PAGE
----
Danny Willett © Getty Images
Masters champion Danny Willett is determined his first major golf title won't be his only one.
The Englishman seized on the opportunity created by longtime leader Jordan Spieth's dramatic final-round collapse at Augusta National on Sunday, with his five-shot lead obliterated by a quadruple bogey on the 12th hole that effectively ended the American's hopes of back-to-back Masters titles.
Willett took his chance with a final round of 67 as he became the first British winner of the Masters since Nick Faldo in 1996.
His victory rounded off a memorable couple of weeks for the 28-year-old Willett after his wife Nicole gave birth to the couple's first child, Zachariah, just 12 days before the Masters started.
"Fortunately I've now tasted the top echelons of the sport and you just want more," Willett said Wednesday.
"A dream of mine was to win major championships and that's what I dedicated myself to do, to work hard and gain that self belief it one day might happen and weirdly, three days ago, that's exactly what did happen.
"I don't like to set myself goals in terms of winning X amounts of tournaments, it's more just ticking boxes of doing the right things every day."
Inevitably, much of the focus since the Masters has been on Spieth's collapse rather than Willett's victory, but the new champion was unconcerned at suggestions he was not getting the credit he deserved.
"I don't really mind what people think, who won or who lost. I am obviously able to sit here in the green jacket and enjoy it," he said.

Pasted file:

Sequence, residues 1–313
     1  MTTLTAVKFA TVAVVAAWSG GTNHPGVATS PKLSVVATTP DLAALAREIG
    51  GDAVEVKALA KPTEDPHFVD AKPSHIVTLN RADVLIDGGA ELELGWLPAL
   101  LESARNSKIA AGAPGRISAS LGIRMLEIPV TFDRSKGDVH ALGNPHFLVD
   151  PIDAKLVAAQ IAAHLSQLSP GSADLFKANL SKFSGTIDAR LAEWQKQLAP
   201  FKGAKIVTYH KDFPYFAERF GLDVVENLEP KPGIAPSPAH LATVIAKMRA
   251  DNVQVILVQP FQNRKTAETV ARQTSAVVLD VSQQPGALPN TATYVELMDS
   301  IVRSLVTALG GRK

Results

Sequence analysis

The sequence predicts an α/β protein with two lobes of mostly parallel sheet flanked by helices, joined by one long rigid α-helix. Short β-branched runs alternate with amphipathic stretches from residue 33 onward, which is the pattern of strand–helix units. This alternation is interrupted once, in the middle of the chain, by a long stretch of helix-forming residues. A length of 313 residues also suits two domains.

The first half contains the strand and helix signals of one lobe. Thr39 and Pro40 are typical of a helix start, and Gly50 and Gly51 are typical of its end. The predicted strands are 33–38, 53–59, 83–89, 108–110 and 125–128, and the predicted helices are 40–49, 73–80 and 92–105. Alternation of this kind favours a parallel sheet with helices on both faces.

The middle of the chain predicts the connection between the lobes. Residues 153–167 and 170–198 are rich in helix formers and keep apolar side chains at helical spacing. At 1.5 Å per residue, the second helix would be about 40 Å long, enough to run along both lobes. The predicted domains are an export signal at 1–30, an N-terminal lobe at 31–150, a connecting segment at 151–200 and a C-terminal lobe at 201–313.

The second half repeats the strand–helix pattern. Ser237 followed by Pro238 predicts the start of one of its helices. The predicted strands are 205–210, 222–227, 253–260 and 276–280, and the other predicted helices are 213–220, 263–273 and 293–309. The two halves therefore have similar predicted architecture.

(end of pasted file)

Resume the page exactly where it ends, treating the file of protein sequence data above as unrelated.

"Part of golf is being able to handle certain things, handle the pressure and hit the right shots at the right time. If I'd have shot 72 and Jordan did what he did it would have been a different story.
"I was able to put myself in a position where if anyone did make a mistake we were there to capitalise and that's we did. It's what Faldo did in '96 with (Greg) Norman, it's what happened many a time in golf tournaments around the world. That's golf, that's life."
Willett's Masters triumph has all but guaranteed him places on both the European Ryder Cup team in September and the Great Britain side for when golf makes its Olympic debut at this year's Games in Rio.
"The Olympics is going to be great fun," Willett added. "It's going to be awesome to be in and around the best athletes in the world at their allotted sports.
"For us with the majors and WGCs we get four chances a year at each of them, these guys get one chance every four years. It kind of puts it into perspective how important those few weeks are for them athletes. Just to be in and around that is going to be brilliant.
"And then to be on the plane to Hazeltine with Clarkey (European captain Darren Clarke) and the lads is going to be awesome. It's a dream come true."